This is actually a rebuild of a machine I already had put together, but wasn't really enthused about the looks. It's now risen from the ashes. A buddy of mine sent me down a rabbit hole after showing me some new computer cases. I got to looking and decided to scratch my original plan of this build that I had in a Parvum S2.5. I've had (and still am) a lot of fun putting this build together. Tried out sleeving wires for the first time, and I think it turned out pretty good. I sleeved everything I could without having to recrimp any wires. This is the result and I'm not sure it's entirely finished yet..
CPU: This is the fastest single core processor on the market currently until the 8th gen intel stuff comes out. I picked up Rockit Cool's Rockit 88 kit and decided to try my hand at delidding. Pretty straight forward after watching a few videos. Decided to use some thermal grizzly conductonaut on the die under the IHS and kryonaut in the normal spot after a bit of research. Temps are about 15 degrees cooler at load and about 10 at idle with a modest overclock of 5Ghz @ 1.340V. Max temps about 75C at load and 28C at idle with the radiator at the top as opposed to in the front which would be my preferred location. With the radiator in the front you can take an additional 5C off of these temps both at load and idle.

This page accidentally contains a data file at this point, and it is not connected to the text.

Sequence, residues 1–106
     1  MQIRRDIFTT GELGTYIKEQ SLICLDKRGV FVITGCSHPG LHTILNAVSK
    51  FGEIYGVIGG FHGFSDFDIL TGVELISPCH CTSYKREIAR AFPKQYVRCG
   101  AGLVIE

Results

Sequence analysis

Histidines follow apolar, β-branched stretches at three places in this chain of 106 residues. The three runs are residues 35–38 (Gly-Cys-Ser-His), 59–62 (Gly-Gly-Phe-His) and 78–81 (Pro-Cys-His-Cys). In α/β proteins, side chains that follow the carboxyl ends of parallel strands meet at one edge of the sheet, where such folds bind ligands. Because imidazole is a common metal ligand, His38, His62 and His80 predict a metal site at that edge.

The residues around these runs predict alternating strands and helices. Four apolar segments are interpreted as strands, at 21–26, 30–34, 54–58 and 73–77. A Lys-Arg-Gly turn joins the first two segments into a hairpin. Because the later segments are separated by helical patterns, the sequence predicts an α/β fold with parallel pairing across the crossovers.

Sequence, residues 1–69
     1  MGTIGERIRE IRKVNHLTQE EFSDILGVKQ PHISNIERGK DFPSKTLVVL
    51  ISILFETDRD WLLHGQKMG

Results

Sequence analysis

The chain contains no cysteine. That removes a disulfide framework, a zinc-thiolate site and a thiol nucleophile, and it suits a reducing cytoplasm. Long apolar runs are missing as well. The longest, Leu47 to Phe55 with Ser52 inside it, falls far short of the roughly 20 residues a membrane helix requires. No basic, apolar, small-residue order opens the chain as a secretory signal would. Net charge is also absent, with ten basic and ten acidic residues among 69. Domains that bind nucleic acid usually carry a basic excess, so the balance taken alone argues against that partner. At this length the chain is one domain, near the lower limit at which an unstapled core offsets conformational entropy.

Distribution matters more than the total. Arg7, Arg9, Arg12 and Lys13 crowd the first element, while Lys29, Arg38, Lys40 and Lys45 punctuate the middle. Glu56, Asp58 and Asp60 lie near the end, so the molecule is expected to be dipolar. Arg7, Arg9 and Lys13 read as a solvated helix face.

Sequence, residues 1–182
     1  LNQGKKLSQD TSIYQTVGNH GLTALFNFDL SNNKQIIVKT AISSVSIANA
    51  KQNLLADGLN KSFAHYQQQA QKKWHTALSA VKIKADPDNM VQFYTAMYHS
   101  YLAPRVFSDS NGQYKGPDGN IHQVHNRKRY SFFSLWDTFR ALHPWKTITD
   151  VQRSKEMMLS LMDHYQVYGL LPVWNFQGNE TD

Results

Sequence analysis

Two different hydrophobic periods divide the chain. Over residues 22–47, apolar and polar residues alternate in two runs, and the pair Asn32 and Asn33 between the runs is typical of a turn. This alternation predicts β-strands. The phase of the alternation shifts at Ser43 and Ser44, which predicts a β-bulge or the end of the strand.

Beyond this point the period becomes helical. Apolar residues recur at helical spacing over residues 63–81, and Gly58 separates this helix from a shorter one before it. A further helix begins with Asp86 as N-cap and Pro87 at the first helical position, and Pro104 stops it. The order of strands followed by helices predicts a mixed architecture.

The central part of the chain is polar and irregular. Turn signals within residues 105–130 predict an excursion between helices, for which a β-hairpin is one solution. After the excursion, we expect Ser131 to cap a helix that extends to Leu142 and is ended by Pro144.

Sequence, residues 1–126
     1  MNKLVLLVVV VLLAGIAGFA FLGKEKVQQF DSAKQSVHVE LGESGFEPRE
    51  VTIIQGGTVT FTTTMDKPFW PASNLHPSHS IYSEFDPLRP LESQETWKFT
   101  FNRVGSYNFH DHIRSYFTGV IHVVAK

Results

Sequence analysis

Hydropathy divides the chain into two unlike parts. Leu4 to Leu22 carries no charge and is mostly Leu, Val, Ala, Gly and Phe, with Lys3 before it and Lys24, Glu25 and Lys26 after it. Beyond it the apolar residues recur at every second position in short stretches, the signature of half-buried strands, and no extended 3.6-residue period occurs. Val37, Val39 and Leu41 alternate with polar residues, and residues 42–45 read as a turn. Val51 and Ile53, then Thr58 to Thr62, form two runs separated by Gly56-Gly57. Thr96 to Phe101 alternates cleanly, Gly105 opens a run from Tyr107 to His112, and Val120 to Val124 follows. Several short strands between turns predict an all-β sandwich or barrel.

CPU Cooler: Performs well enough (for now). I actually swapped out an H105 for this guy in hopes to be able to fit in the front with the video card as it is a bit thinner, but that 1080ti is just too massive with its stock cooler. So up top it has to sit. If I don't go custom loop, I might pick up one of the new corsair coolers when they come out. It certainly would save some pressure on the wallet.